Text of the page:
One of the best known methods of Chinese cooking is to slowly simmer poultry and meats in a saucy, spiced brew.
This style of braising is known as lu, after the flavorful brew the food is cooked in. All over China from region to region, there is always a recipe for braising, a version of lu.
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In the north, the braising brew is dark and redolent of strong spices, notably that of star anise, cardamom, cinnamon and Sichuan peppercorns. The heavy dark soy sauce colors the braising liquid and hence, the goods.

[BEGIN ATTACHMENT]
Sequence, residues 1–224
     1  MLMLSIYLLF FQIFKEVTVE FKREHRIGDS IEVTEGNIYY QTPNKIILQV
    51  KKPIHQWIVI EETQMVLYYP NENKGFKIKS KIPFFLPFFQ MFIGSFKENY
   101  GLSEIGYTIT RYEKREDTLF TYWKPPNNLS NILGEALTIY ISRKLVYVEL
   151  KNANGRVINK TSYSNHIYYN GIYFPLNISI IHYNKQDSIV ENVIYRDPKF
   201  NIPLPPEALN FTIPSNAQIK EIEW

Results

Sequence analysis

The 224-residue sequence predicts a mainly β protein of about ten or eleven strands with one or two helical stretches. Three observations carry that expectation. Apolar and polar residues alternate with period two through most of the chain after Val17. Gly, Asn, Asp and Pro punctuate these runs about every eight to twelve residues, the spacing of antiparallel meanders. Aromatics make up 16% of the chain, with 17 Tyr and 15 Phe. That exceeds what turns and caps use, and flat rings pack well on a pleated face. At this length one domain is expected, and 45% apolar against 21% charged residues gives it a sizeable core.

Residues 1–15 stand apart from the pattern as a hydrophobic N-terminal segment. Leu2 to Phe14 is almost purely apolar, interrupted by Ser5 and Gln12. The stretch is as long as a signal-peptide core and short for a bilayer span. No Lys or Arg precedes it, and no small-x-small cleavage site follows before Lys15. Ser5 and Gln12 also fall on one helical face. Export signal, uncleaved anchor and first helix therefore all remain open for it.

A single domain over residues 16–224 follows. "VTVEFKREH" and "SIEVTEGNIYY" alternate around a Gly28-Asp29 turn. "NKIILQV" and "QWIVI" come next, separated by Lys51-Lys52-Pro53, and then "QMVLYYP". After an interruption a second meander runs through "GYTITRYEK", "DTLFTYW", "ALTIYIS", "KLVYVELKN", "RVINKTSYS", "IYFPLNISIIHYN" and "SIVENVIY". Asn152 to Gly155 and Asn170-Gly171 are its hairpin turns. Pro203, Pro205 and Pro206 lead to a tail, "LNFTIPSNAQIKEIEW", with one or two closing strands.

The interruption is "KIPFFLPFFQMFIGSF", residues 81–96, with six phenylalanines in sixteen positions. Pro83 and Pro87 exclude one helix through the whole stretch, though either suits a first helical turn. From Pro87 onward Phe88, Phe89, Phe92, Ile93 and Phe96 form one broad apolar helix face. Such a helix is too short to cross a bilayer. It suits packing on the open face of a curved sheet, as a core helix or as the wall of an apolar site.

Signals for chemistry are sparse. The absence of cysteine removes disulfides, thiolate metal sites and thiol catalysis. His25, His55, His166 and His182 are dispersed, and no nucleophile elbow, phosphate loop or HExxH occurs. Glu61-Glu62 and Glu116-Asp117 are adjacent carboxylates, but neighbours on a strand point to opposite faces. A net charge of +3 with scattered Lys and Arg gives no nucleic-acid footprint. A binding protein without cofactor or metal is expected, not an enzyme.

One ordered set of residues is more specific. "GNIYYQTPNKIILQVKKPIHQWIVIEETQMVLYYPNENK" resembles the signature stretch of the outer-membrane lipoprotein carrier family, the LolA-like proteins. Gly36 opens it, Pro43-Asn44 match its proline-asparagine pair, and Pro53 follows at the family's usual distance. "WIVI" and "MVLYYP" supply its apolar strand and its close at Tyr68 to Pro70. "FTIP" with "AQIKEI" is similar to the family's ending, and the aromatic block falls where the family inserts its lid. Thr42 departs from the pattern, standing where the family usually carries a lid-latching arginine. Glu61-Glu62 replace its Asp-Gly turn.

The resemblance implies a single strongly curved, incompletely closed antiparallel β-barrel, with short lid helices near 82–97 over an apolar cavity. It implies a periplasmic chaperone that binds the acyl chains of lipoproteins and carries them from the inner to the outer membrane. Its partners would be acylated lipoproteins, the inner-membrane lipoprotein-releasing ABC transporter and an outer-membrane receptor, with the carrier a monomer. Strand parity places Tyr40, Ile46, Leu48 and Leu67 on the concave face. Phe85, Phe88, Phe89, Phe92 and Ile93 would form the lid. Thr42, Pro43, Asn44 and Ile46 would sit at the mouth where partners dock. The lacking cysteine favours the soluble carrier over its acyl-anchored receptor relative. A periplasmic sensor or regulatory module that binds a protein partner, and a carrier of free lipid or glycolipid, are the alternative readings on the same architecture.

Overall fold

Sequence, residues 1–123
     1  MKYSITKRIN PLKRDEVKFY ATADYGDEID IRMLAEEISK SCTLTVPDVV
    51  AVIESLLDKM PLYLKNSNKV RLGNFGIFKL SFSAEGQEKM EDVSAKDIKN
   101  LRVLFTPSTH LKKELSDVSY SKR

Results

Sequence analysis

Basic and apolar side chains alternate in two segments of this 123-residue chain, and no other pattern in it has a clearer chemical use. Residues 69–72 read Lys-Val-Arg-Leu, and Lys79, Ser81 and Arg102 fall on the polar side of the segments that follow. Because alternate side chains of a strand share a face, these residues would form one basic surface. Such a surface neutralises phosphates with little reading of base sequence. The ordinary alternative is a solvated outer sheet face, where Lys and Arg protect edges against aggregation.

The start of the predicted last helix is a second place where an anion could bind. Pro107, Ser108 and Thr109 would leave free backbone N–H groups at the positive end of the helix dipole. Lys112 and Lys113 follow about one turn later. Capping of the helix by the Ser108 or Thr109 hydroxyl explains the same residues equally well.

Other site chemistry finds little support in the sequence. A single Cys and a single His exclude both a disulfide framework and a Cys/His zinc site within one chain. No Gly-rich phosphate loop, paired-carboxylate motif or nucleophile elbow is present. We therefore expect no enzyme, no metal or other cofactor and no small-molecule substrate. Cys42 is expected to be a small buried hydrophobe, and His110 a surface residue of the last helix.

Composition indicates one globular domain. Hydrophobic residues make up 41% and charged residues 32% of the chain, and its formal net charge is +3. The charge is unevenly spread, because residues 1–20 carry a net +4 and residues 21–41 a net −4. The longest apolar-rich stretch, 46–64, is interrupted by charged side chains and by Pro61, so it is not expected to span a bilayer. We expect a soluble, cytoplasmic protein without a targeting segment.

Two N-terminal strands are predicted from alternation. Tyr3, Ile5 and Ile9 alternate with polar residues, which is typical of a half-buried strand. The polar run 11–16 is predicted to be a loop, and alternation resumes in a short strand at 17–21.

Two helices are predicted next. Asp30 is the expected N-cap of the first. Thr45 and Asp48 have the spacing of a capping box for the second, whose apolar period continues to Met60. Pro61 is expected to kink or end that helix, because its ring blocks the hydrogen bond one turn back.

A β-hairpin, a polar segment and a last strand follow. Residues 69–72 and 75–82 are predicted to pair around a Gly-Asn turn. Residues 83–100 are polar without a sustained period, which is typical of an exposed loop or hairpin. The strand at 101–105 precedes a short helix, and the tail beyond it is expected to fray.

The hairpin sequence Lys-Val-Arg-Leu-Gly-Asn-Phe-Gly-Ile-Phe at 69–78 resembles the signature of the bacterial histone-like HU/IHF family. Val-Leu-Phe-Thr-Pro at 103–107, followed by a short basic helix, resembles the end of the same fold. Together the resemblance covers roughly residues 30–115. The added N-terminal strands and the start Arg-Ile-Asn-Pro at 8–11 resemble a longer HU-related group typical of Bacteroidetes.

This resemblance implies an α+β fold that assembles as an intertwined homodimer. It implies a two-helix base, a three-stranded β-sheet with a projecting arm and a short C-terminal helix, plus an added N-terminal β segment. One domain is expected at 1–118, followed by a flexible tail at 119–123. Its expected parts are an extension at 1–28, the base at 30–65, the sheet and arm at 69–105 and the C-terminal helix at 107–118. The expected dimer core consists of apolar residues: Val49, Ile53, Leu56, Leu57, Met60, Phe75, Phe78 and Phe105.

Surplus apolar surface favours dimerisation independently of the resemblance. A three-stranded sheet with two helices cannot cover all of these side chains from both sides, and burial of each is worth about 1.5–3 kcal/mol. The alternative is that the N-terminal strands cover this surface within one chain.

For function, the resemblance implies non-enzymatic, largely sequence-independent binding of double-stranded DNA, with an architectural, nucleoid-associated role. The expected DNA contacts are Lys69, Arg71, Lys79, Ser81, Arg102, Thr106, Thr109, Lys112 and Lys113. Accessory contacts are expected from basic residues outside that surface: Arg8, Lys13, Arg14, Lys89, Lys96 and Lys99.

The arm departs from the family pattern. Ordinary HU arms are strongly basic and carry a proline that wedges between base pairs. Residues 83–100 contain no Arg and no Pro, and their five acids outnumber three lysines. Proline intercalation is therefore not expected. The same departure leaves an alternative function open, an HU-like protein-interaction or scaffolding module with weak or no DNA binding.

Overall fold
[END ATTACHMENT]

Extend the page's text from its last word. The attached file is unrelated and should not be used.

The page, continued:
Duck gizzards, beef shins, pig trotters, tongues, pieces of liver, sometimes even whole spring chickens will go into the constantly simmering pot.
In a separate pot, pieces of hard and soft tofu, bean curd skins and other tofu products will also cook. These are never mixed with the meats because the tofu may start off an unwanted fermenting.
One thing that differentiates the northeastern brews from the other regions. The meats are lifted from the pot and drained, then cooled. They are then displayed, and sliced and packed off only when an order comes in. The braising liquid is almost never seen.